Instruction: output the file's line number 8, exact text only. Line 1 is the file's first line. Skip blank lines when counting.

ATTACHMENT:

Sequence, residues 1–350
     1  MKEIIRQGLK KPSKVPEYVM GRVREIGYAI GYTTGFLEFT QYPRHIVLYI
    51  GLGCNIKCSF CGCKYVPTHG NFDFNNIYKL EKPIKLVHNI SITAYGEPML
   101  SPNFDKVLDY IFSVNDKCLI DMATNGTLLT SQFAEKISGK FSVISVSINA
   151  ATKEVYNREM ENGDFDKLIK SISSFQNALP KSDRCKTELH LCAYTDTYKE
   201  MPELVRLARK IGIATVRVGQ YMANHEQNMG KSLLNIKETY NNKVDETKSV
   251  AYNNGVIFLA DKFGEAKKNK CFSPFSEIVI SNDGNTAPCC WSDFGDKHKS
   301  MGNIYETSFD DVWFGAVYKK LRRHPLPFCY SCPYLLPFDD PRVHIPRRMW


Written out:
   301  MGNIYETSFD DVWFGAVYKK LRRHPLPFCY SCPYLLPFDD PRVHIPRRMW